Introduction to the Daily Client SDKs for Android and iOS (beta)

The Daily Client SDKs for Android and iOS allow you to build video and audio calling into your native mobile applications. This guide will help you get started by introducing you to the basics of the libraries, showing you some examples, and pointing you to where you can learn more.

The Daily Client SDKs for Android and iOS are currently in beta. We appreciate any feedback you have related to using them.

In the following guide, some features are marked as Coming soon. They will be in an upcoming (and near!) release.

To view documentation for the Daily Client SDKs, visit our:

Installation

See the installation guides for:

Demo apps

To see a working example of how to interact with the Daily Client SDKs for Android and iOS, see our public demo apps:

Hello, world!

Let’s start with a simple example. The following code snippet shows how you might join a video call, display participants’ camera tracks, and toggle your own camera.

To keep this code snippet concise, it only handles video, it ignores cleaning up participants who leave, and it glosses over adding views/elements to your app.

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Navigating the API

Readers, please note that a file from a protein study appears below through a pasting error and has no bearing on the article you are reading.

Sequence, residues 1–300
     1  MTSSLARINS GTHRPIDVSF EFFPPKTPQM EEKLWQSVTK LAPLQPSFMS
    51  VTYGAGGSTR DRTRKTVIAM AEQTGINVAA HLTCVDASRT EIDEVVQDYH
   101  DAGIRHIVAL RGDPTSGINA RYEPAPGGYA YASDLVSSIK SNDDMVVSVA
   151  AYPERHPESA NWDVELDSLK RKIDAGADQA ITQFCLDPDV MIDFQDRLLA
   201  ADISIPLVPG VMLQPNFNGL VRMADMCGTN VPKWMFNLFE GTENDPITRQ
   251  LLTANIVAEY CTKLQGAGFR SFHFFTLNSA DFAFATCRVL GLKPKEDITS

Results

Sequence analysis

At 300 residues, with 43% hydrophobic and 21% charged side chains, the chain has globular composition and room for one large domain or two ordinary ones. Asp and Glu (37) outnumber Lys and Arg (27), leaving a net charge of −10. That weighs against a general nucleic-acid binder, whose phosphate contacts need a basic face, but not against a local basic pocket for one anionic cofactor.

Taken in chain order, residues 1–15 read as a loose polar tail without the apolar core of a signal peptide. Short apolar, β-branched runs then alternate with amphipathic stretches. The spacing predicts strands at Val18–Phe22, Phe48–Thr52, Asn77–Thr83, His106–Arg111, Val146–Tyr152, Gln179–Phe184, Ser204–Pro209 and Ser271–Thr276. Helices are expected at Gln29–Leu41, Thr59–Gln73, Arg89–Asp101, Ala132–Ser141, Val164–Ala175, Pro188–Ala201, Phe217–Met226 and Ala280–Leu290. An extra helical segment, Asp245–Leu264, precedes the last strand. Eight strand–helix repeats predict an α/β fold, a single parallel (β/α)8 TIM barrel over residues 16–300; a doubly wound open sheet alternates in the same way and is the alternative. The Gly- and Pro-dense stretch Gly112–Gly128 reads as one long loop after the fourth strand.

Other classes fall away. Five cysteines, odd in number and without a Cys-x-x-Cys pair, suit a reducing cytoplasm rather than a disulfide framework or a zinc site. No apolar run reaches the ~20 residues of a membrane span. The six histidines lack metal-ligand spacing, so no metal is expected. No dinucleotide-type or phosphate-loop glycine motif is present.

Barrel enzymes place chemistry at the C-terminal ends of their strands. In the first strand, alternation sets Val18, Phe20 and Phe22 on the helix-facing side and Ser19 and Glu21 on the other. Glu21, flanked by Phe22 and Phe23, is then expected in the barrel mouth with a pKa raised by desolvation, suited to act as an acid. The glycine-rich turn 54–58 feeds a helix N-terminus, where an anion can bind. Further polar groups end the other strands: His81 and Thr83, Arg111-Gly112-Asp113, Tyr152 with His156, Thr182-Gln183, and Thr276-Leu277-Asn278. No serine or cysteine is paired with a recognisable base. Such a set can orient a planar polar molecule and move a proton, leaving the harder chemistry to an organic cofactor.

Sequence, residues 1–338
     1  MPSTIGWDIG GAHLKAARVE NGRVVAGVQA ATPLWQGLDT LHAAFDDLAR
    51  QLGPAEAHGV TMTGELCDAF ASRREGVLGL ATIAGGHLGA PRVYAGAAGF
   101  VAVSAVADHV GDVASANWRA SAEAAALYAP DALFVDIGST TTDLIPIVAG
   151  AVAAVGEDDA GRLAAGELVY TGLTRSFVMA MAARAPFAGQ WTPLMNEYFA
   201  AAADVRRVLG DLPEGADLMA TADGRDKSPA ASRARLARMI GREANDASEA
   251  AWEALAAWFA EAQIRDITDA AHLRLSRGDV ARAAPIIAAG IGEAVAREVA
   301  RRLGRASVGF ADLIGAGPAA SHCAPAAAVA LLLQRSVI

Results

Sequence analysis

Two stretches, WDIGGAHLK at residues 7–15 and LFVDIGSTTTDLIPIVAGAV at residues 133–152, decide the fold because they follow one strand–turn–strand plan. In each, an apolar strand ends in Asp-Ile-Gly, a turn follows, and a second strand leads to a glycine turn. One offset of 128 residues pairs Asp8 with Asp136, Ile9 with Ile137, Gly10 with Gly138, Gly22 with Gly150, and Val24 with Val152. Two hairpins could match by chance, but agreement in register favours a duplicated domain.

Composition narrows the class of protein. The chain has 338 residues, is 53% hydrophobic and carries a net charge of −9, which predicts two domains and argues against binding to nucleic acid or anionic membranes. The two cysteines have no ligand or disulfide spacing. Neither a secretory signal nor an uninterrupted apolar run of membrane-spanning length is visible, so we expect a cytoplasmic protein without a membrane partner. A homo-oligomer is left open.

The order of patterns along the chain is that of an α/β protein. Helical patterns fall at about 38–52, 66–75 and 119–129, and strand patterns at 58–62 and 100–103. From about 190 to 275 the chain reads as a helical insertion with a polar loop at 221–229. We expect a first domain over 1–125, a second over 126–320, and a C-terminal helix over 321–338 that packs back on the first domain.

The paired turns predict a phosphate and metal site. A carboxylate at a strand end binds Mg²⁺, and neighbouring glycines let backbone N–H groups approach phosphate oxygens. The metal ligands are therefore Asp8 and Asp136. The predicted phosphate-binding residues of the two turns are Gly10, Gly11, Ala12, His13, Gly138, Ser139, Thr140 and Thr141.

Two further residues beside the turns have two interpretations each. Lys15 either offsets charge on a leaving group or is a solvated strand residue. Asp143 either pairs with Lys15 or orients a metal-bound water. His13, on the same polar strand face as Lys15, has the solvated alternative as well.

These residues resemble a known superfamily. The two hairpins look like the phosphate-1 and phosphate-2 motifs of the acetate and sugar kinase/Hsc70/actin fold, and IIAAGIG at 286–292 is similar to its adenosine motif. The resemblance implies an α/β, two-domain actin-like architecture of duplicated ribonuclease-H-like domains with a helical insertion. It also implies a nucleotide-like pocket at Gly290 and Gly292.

The Daily Client SDKs for Android and iOS are comprised of functionality that can be grouped based on the tasks involved in building a successful video call experience:

We'll review each below with some code examples.


Setting up the call client

The CallClient is your main interface into your Daily video call. It’s an object that you instantiate and hold onto at least for the duration of your call.

Tip: You can also hold onto the CallClient longer and use it for multiple sequential calls.

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In order to write code that dynamically reacts to changes in the call, such as participants joining, leaving, muting, or unmuting, you’ll need to register to receive events from the CallClient. Note that you can register to receive events at any point in the call lifecycle, and that your event listeners will remain on the CallClient even after you leave() a call.

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Managing the call lifecycle

Managing the call lifecycle mostly comes down to deciding when to join() and when to leave() a call, and updating your UI according to the current callState().

When you successfully join() a call, other participants in the same room become visible to you and you become visible to them. “Becoming visible” in this case means gaining an entry in each other’s participants() object, with some basic information filled out. It does not necessarily mean that their media is immediately available to you. That depends on whether or not they’re publishing any tracks and whether or not you’re subscribed to any tracks.